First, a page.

So again, it makes sense why it's so hard to not hit the snooze. It's so hard to get out of that warm shower. It's so hard to get off the couch. It's so hard to switch tasks when you need to. And that is because of the energy discrepancy.


So we talked about how that's kind of like a physics thing. Right? But, but let's talk about what do you do with this then, like, let's say, well, that's nice to know Monica. It's not just my fault, but what do I do when I actually do need to get the ball rolling? I do need to get things done.


 Instead of waiting for you to feel like it, instead of waiting for more energy or motivation, this is what you do.


You focus on creating momentum. That ball that needs to get rolling, all it needs is a tiny little push. And when that happens, we have another physics law. The first law of motion, an object in motion stays in motion. Once you get that little push on the ball, that tiny push, the momentum will go.


Momentum creates more energy, and more and more energy. So you might get that momentum going and be able to get a lot more done than you thought in the moment or a lot more done later on in the day. I did a whole episode on how to create momentum instead of waiting for motivation in the fall of 2021.


It's one o, my favorite episodes I've ever done, like a solo episode. So I highly recommend you go back and do that. But what I want to do today is give you some practical tips. On actually how to, just do that little tiny push on the ball, how to just start to create that momentum. Practical ways you can create the momentum when you'd rather just stay stuck.


So I have a couple for you. I'm going to give there's about five. And with those, I have examples underneath each one of them. And I'm going to go a little bit more rapid-fire but also try to blend in some practical examples of how this plays out for me, how it could play out for you.


I'm going to try to also mingle in examples of home life, like home responsibilities with cleaning, home management, anything else that we have to do with managing the home. Maybe some personal development things like going for a walk or reading a book or whatever it might be that way, as well as work items, because we have such a variety of incredible listeners here that I want to make sure that you don't feel like I'm just talking to the stay-at-home mom or that I'm just talking to someone who works outside of the home.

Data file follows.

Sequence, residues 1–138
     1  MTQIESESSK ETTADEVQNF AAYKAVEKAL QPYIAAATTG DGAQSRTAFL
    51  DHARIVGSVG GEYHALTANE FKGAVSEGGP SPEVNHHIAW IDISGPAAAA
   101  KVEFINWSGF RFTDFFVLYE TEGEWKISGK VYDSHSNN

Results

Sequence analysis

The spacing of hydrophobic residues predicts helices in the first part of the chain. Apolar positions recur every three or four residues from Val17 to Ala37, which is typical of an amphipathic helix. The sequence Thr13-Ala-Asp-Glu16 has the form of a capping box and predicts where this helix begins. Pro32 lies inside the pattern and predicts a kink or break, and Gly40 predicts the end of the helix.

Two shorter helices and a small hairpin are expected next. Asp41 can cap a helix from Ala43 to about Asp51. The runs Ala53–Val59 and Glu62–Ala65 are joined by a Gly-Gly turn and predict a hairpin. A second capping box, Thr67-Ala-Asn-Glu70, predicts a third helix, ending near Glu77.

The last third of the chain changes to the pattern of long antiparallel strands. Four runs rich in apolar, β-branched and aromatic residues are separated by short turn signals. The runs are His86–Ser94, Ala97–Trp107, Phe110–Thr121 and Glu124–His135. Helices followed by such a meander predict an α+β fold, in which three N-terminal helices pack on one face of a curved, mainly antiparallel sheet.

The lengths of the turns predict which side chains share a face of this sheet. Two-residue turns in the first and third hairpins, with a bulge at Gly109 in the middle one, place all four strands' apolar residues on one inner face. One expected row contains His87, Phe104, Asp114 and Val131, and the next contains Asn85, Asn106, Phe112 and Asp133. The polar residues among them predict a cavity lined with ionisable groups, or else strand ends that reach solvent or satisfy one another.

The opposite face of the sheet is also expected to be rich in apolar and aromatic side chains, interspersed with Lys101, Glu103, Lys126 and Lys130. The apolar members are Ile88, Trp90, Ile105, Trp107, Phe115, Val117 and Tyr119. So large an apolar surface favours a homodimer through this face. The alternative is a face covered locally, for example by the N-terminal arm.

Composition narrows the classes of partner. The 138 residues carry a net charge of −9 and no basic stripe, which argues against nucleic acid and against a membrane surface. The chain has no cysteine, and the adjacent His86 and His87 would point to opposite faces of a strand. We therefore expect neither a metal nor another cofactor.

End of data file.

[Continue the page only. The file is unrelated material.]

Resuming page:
Okay. So here they are, my friends, the biggest tips to create momentum when you'd rather stay stuck.


The first is to do something to start. This comes from the episode that I recommended, again, instead of waiting on motivation, you create momentum. My number one way to do that is to do something to start. The reason I'm saying do something is because oftentimes why we stay sitting on that couch or in the warm bed or the shower, or it's hard to switch tasks, is because we are thinking of the whole enchilada that we need to do.


So of course we're not going to get started because we're thinking of all. So this is where you kind of hijack your brain a little bit. You kind of step in and you say, no, we're just going to do something. We're just going to do something and we're going to do something to start.


So when you were imagining what you need to do next, how I would do that is just break it down to what is the very first step that goes with that whole thing that I want to do. So let's imagine you need to clean the kitchen. Instead of thinking of all the multi-steps that go into it, sweeping the floor, clearing the counter, washing the counter, washing the dishes, washing the sink.


Boy, I know it goes even more than that. Start with the first step. What if that was to just clear the table? And that's all you'd say to yourself, I'm going to do something to start. I'm just going to clear the table. You can do this with a bigger work project too. Like maybe you have a big assignment to deal, instead of thinking about all, go back to that very, very first step.